Joel Brennan recently took over as president of the Greater Milwaukee Committee, succeeding Julia Taylor who retired in late 2021. Brennan served the past three years as secretary of the Department of Administration under Gov. Tony Evers. Before that, he was the CEO of Discovery World in Milwaukee for 11 years. He now leads an organization of nearly 200 private-sector leaders, whose mission is to improve the civic life and economy of southeastern Wisconsin. BizTimes Milwaukee reporter Maredithe Meyer caught up with Brennan to talk about his latest career move and GMC’s top priorities.
How have you adjusted to your new role?
“My role for the last three years gave me insight into statewide issues, but I also still lived in the Milwaukee community; my wife and I have two kids in high school here. So, I feel like I still had my finger on the pulse of what’s going on locally. But by the same token, there are things happening here on the ground that I’ve been trying to get a good sense of from the people who are engaging in them. … If I have currency in this community, it’s around relationships and the ones I’ve cultivated over the past 25 years since I finished college. So, it’s really trying to make sure I use those to the benefit of hitting the ground running here.”
What issues are top of mind for GMC members these days?
“Education, both early childhood and K-12 education, and higher ed. It’s an issue that the community and membership of the GMC puts a real priority on. Hand-in-hand with that is economic opportunity for all and workforce development. There are few employers that aren’t challenged right now to find the level of workforce that they want.
“There are two other issues that are wound into both of those. One is around racial equity. There’s been a heightened level of conversation in this community in recent years, but it’s an issue that we’ve wrestled with for the past 35 or 40 years. … Then, finally, public safety and crime. I’ve heard not only from the public sector, but also from community leaders, the business community and our membership that it’s an issue of prominence and, in some ways, it’s gotten even more prominent because people feel that there’s an unease in the city around reckless driving and automobile thefts.”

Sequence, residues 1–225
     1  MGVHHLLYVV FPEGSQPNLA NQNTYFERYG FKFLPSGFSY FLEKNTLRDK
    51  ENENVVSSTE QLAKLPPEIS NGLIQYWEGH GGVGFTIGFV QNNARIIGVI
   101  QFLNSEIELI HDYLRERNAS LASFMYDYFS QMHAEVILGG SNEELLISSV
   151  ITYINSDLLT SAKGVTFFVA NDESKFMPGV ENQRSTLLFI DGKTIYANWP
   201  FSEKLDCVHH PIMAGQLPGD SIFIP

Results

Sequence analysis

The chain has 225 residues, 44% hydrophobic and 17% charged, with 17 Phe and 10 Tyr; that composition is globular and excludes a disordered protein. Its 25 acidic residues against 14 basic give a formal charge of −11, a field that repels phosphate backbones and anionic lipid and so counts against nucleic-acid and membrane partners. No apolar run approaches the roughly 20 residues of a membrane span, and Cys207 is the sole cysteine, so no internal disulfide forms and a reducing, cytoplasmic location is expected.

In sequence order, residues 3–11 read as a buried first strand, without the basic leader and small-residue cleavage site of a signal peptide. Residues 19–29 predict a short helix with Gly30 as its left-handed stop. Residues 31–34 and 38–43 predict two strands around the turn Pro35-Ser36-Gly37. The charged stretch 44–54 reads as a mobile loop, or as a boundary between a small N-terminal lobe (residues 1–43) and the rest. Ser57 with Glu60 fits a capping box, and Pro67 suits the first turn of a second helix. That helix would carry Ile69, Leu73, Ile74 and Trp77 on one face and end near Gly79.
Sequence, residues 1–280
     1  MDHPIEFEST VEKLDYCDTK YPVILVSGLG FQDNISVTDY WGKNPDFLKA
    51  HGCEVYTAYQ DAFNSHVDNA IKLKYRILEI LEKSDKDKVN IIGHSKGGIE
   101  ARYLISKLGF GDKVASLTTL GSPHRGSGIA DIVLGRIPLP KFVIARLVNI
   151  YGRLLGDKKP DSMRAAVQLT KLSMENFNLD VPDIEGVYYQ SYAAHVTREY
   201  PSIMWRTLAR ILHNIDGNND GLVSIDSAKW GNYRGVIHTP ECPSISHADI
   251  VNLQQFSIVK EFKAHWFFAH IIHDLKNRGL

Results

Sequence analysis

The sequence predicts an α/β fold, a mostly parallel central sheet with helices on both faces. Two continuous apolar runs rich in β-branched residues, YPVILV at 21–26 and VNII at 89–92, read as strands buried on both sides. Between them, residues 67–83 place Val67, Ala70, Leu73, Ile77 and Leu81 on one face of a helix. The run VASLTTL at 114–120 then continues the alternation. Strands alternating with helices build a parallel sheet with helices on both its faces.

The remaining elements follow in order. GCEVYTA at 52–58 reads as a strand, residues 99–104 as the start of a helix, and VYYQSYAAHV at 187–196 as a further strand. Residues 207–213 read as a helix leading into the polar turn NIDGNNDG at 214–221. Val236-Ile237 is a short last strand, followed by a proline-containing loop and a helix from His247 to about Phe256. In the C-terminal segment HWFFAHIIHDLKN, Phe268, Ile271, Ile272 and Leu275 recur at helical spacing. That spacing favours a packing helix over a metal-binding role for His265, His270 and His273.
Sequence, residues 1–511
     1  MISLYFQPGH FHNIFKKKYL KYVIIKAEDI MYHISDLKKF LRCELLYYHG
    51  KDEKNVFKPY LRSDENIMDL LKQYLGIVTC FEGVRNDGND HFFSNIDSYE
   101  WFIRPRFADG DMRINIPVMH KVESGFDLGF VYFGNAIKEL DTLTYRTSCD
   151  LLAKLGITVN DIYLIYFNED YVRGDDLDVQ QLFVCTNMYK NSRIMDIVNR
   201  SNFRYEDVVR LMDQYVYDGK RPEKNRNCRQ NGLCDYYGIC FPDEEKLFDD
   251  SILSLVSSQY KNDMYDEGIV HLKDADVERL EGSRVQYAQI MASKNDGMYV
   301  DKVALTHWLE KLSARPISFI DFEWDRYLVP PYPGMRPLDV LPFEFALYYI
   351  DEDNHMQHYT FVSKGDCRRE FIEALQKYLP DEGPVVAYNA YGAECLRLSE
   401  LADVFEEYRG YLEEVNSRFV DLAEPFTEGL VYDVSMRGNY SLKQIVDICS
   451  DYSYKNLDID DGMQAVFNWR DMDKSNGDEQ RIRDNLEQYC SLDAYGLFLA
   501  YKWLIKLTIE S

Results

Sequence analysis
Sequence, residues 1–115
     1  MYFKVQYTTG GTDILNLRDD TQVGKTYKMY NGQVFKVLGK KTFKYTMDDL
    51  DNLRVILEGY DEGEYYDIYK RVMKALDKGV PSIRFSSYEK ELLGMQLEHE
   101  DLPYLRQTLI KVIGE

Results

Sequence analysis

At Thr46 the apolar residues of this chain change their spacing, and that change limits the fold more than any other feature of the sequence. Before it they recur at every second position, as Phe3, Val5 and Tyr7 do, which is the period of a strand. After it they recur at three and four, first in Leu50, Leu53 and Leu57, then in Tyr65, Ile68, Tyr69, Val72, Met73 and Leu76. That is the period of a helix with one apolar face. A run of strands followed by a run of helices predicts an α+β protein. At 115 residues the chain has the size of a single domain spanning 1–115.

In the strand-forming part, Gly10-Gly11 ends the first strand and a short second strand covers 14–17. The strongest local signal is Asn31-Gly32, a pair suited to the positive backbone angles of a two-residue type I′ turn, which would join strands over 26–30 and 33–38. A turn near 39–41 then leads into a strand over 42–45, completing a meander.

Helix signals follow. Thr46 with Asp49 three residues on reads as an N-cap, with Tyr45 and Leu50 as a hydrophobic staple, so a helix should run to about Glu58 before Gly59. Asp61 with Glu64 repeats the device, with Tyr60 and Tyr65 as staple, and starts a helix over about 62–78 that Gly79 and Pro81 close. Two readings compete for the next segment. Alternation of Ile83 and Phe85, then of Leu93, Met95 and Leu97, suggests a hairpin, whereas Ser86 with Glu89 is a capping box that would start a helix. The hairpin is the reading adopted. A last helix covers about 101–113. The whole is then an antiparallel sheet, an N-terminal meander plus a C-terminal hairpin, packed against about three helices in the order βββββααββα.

GMC has focused on the vaccine push over the past year. Now that COVID-19 has abated, what’s next at this stage of the pandemic?
“What we do post-COVID-19 has to be about not only recovery to where we were in March of 2020, but how we’re going to move forward even further and faster than before.
“One opportunity is the additional (American Rescue Plan Act) grants the state is making with federal dollars. Those dollars coming into this community provide us with additional ways for members to leverage their efforts and for southeastern Wisconsin to continue down the path that we want to – whether it’s around equitable recovery, small business recovery, workforce development.”
What’s your take on Republican lawmakers’ proposal to overhaul Milwaukee Public Schools?
“I think the best questions that have been asked about this have been, ‘What next? What’s the ultimate outcome here?’ My children, who are now in high school, graduated from one of the specialty schools within MPS that drew from everywhere in the community. Those specialty schools are standouts … amongst the other challenges that MPS has. If you break up MPS into four districts, those high-performing schools may either go away or become much more challenged in attracting students. And that’s one thing people need to understand about what comes next in that case.”